By the 1840s Tennyson had found in King Arthur a figure who could represent idealism and faith for Victorian society. His early experimentations would bear fruit in the Idylls of the King. In that work Tennyson navigated the knife’s edge between the heroic and tragic, achieving something sublime. In the end Arthur slays the traitor Mordred in battle but is left “all but slain himself,” his kingdom fallen. As in Malory, he is last seen taken by boat toward the mythical island of Avalon, “Somewhere far off, pass[ing] on and on, and go[ing] / From less to less and vanish[ing] into light.” To cite Tennyson’s own early symbolism: faith and virtue overcome materialism and doubt, but not without a cost. And indeed, the Victorian faith—Tennyson’s own faith—was even then retreating into mystery and mysticism. But this was not a final retreat. Arthur is an inherently Christlike figure, destined to “come again / To rule once more.” The Idylls end with another beginning: “And the new sun rose bringing the new year.”

Writing about the Victorian period at the turn of the millennium, philosopher John Michell recalled,

In my childhood some sixty years ago the code of behaviour one was supposed to live by was properly called Victorian. One source of that code was the Bible, and another was the romance of King Arthur. Putting them together, the Victorians conceived an ideal type of modern human being, the fair, kind, and honourable Christian gentleman.

Tennyson is in part to thank for that wonderful ideal.

The Resurrection of the Body

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During the Babylonian captivity, when the Kingdom of Judah was destroyed, and its nobility sent into exile throughout the empire, God vouchsafed to the prophet Ezekiel certain visions of Israel restored. Judah was the last of the old Kingdom of Israel. The northern tribes had rebelled against the royal line of King David and raised their own kings. These tribes had fallen to Assyria more than a century earlier and had been driven from the Holy Land. Now the Kingdom of Judah was lost as well. In this time of grief, God made a promise to Ezekiel. It was a promise to restore Israel, but it contained another, greater promise, that would be fulfilled through Jesus Christ: a promise to bring the dead back to life.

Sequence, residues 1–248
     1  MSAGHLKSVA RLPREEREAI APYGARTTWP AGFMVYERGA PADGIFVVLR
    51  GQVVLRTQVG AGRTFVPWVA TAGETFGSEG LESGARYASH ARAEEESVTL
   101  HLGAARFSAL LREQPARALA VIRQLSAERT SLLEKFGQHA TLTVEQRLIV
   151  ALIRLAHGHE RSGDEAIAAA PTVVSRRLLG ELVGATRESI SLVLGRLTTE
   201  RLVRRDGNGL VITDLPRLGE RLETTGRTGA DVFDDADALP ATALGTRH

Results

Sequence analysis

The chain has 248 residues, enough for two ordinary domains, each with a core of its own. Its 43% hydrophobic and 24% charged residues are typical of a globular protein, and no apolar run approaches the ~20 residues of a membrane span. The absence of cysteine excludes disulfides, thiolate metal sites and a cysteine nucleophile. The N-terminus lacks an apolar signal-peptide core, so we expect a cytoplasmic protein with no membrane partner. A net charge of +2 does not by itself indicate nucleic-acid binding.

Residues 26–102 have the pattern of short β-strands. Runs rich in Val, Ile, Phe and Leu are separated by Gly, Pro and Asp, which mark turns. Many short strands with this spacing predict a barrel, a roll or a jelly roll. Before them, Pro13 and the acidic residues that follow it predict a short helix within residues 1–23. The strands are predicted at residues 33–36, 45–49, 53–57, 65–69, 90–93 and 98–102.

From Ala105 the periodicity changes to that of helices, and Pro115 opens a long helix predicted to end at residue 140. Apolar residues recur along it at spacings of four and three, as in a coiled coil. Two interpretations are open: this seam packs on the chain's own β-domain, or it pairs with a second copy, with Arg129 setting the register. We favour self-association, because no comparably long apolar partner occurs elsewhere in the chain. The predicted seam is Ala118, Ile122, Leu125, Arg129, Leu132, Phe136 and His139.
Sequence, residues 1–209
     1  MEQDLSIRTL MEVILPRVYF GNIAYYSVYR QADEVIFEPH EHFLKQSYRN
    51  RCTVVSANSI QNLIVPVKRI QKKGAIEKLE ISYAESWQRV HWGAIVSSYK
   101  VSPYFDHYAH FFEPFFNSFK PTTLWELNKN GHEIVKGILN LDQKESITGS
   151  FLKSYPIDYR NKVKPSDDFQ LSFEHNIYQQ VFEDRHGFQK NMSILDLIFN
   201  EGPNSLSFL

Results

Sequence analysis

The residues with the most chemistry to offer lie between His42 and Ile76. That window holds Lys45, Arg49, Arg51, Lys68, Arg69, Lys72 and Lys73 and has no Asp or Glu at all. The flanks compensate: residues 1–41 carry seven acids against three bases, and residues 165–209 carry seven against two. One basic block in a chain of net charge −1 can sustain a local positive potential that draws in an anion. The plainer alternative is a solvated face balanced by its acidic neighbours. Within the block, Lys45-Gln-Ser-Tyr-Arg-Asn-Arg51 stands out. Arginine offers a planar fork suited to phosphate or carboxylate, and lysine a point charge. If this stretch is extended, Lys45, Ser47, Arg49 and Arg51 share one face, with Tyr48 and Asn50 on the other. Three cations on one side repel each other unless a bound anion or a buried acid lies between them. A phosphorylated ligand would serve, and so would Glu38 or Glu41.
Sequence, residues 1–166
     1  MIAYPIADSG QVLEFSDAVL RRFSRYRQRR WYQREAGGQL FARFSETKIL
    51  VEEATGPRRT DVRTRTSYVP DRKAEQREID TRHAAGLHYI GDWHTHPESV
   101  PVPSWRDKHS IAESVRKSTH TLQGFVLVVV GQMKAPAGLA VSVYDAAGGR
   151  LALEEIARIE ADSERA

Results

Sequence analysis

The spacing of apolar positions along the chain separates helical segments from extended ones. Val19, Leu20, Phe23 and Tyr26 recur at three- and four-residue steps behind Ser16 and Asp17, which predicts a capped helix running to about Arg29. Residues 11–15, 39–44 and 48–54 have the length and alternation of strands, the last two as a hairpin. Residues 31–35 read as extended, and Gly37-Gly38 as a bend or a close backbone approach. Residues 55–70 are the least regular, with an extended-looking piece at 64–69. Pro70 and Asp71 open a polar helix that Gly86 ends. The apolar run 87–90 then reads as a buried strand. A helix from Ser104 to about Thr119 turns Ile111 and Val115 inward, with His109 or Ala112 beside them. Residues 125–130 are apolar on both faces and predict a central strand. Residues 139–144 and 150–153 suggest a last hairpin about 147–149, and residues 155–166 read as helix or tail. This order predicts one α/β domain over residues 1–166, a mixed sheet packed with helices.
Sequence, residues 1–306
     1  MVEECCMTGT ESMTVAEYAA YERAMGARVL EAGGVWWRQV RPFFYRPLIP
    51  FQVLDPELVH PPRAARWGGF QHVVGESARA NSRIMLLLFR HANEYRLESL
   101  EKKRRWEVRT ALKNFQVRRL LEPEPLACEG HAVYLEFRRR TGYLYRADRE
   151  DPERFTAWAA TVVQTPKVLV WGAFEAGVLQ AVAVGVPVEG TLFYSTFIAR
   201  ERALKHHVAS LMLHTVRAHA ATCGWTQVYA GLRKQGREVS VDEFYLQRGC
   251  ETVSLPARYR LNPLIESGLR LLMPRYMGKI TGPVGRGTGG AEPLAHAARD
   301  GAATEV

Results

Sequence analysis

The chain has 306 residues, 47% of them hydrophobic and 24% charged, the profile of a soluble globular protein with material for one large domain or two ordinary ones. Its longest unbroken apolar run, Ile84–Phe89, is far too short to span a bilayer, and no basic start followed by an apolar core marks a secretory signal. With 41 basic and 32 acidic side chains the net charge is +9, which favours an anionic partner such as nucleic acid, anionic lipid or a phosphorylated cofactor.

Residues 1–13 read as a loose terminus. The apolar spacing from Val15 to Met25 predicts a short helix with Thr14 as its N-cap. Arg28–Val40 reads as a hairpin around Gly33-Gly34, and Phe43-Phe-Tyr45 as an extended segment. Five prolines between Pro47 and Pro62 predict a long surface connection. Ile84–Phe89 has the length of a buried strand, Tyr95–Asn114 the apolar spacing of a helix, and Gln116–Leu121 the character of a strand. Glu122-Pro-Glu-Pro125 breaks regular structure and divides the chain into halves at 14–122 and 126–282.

Ezekiel said, “The hand of the Lord came upon me and brought me out in the Spirit of the Lord, and set me down in the midst of the valley; and it was full of bones. Then He caused me to pass by them all around, and behold, there were very many in the open valley; and indeed they were very dry.”

God asked, “Son of man, can these bones live?”

Ezekiel answered, “O Lord God, You know.”

God then commanded, “Prophesy to these bones, and say to them, ‘O dry bones, hear the word of the Lord! Thus says the Lord God to these bones: Surely I will cause breath to enter into you, and you shall live. I will put sinews on you and bring flesh upon you, cover you with skin and put breath in you; and you shall live. Then you shall know that I am the Lord.’”

As He did for those bones, God would do for the Kingdom of Judah, and as He did for those bones, God will do for you and me.